This article is taken from the last number of ENEL’s magazine, Oxygen
In 1587, a promising young scholar by the name of Galileo Galilei held Two lectures to the Florentine Academy on the Shape, Location and Size of Dante’s Inferno (1). This very serious work is actually a literary essay of explanation, commissioned of Galileo in light of his growing notoriety. The young man leapt at the chance to have his mathematical abilities recognized: an excellent promotional opportunity for an ambitious twenty four year old who would soon be appointed to the chair of mathematics at the University of Pisa. After having published his first scientific works (De Motu and La bilancetta (The Little Balance)), Galileo wished to demonstrate that mathematical physics need not consist of only technically efficient calculations, but can also contribute to upper level cultural debates and discussions, thus acquiring an intellectual status comparable to classical and artistic studies (2). In fact, the Florentine academicians asked Galileo to resolve a literary controversy regarding the interpretation of Dante’s Inferno.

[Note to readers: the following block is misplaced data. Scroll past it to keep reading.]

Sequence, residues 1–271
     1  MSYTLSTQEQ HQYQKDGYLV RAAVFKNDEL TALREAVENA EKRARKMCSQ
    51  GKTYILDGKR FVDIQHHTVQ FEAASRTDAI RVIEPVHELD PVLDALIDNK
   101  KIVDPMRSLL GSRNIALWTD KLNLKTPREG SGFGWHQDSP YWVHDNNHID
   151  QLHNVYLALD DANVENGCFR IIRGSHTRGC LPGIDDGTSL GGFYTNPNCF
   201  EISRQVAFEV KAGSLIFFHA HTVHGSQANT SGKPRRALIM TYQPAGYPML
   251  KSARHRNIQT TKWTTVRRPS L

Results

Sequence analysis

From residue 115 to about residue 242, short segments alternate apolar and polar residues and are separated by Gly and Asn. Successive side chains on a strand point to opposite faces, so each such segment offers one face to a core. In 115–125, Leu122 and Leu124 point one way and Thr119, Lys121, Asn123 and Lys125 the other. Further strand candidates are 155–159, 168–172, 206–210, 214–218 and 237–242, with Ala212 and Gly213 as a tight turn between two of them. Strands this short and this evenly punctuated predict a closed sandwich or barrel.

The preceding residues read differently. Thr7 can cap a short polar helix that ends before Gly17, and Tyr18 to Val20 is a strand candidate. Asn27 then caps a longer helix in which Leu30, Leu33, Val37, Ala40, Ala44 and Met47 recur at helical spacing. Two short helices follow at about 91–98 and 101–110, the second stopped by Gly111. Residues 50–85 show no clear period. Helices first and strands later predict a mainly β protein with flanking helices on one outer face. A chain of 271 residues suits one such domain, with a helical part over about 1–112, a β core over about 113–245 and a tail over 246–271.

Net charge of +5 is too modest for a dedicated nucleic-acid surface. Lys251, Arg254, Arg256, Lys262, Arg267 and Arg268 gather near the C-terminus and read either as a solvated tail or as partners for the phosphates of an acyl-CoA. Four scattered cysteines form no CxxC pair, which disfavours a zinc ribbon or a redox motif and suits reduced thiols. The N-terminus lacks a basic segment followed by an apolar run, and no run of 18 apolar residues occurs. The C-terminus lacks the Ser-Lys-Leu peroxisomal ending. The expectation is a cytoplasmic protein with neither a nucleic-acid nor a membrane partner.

In 1506 the Florentine Antonio Manetti had published a description of the geography and geometry of the Inferno just as it had been described by Dante (often quite obscurely). To be given particular attention was the evaluation of the reliability of the figurative representations given by Botticelli in the Nineties of the Fifteenth century in a luxurious illustrated edition which followed the first sketches of Giuliano da Sangallo. The illustrations were drawn based on measurements established through complicated calculations taken from references in Dante’s text and which, for the intellectual circles of an era for which The Divine Comedy was a fundamental reference point, needed to be accurately established. But in 1544 Alessandro Velutello from Lucca, Florence’s rival city, published a severe critique of Manetti’s work and proposed a very different description of Inferno. Galileo was called on the resolve the debated question which he did, predictably, in favor of the Florentine, Manetti. Obviously, neither at the beginning of the 15th century for Manetti and Velutello and their readers, nor at the end of that same century for Galileo and his listeners, was Dante’s description to be taken seriously from a theological point of view. But the importance of The Divine Comedy in Tuscan culture made evident the necessity of commenting on it and of completely understanding its every aspect – including the topography – so as to make this complex literature easier to read and comprehend (3).